Heat Transfer

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Before getting married Chris once told Melissa in a loving, non-judgmental way that she didn’t understand the basic principles of heat transfer. It’s one of those statements that stays around for a long time, possibly forever. Since then heat transfer is a subject that comes up surprisingly often in our house. Despite the exposure, it seems unlikely that Everett understands this subject yet, and even though he tells us when things are hot and cold, we don’t know if he can describe when he himself is too hot or too cold. On a related subject, it is well known among our friends and family that Melissa and I run a bit warm and prefer cooler temperatures. So far Wisconsin has suited us well in this regard. It is also well known that parents will often project their preferences onto their children, at least until that doesn’t work any more. But in this case we don’t think we are projecting: Everett seems to radiate heat and so far doesn’t seem to mind the cold. However, other people seem to mind that we don’t mind. For example, Melissa was at a garage sale last week when a grandmotherly woman wearing sequins decided that Everett was “freezing” and was “going to get a pneumonia”. So she bought him a jacket, put it on him and zipped him up while Melissa was momentarily looking at the toddler clothes. We are not making this up.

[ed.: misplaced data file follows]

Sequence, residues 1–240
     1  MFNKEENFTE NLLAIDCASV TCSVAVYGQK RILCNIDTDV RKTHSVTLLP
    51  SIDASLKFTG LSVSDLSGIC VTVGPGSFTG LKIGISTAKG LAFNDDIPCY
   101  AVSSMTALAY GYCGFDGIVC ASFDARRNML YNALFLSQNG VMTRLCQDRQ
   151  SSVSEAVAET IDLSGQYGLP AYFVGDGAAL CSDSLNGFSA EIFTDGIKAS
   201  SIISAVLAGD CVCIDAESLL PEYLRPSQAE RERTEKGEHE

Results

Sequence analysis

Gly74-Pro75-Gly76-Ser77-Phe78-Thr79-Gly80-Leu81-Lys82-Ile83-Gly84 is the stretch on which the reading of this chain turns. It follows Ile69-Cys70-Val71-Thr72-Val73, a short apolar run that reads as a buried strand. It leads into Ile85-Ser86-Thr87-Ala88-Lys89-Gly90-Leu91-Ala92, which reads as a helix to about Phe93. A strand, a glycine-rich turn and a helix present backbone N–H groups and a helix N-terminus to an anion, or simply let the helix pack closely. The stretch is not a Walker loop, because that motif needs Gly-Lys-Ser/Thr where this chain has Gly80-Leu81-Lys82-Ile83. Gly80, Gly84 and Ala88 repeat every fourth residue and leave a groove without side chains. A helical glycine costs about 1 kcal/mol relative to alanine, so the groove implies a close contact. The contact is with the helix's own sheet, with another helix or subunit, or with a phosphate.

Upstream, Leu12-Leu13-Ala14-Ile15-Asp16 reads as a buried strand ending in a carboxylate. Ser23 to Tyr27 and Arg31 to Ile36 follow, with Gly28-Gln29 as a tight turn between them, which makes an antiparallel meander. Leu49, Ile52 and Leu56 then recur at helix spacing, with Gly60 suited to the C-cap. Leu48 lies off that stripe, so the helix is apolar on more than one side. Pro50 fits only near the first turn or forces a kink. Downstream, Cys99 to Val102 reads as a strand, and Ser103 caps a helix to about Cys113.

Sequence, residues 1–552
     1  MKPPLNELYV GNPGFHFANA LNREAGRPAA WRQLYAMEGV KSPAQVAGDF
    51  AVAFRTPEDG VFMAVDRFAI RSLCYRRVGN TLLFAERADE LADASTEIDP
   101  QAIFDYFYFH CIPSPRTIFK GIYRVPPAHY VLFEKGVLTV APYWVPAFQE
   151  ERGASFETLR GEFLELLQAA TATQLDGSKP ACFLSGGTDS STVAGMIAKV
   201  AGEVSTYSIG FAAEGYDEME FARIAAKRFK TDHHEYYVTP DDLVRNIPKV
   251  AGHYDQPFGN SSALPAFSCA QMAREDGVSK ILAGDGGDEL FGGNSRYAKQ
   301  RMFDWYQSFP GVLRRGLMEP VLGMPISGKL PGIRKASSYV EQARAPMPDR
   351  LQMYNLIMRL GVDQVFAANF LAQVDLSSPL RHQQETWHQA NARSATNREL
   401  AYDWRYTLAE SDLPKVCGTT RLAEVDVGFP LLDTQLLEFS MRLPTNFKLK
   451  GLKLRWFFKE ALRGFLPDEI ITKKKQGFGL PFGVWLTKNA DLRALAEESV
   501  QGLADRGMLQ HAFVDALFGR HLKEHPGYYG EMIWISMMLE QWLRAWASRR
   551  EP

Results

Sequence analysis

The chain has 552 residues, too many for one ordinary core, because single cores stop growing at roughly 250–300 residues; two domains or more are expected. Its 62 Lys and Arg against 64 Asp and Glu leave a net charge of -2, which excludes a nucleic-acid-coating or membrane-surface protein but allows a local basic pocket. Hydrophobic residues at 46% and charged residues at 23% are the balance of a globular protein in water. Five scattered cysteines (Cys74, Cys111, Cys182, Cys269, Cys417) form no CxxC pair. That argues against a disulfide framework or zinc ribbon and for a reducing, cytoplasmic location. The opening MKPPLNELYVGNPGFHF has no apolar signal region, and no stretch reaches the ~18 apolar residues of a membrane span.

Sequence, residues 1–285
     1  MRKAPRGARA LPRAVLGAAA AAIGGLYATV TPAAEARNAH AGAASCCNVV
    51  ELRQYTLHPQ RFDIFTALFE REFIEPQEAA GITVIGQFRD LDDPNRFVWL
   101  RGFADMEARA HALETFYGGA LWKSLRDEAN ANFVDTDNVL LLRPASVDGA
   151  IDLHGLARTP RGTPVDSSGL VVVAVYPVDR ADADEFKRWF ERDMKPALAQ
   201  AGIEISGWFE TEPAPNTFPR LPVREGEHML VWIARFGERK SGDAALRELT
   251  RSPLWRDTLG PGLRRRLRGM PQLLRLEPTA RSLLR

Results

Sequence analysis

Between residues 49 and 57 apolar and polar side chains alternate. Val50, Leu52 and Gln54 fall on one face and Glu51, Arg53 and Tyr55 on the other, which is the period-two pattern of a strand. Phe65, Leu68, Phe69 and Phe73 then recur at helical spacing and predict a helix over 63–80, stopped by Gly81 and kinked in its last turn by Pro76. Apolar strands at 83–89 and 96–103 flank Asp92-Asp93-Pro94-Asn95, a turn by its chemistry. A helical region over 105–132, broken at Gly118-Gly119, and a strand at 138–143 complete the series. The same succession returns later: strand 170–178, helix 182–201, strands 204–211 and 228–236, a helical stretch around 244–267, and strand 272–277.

Until last month Everett refused to wear anything on his feet without screaming. Fortunately he relented on this point in time to trudge through a muddy pumpkin patch during a cold, gray fall day in Wisconsin. That’s what we were doing this morning during our visit to Jim’s Pumpkin Farm in Germantown where Everett took his first hayride and helped us pick out a pumpkin.

A year ago at this time we were just returning from Switzerland, during which we observed that the locals around Geneva, and perhaps in the surrounding Franco-Swiss region, seemed to overdress their babies. The day we arrived was at the beginning of September and it was a beautiful, warm sunny day, about 75 F. We were in shorts and short sleeves and E was in a summer onesie in his bassinet:

By comparison, every other infant we saw was in polar fleece, blankets and hats. Many had the winter boot attached to their bassinets. We were a little incredulous and asked ourselves “what do these babies wear in the winter?” We have yet to find a good explanation for this behavior – perhaps it is a cultural difference? Please let us know if you have any insights.

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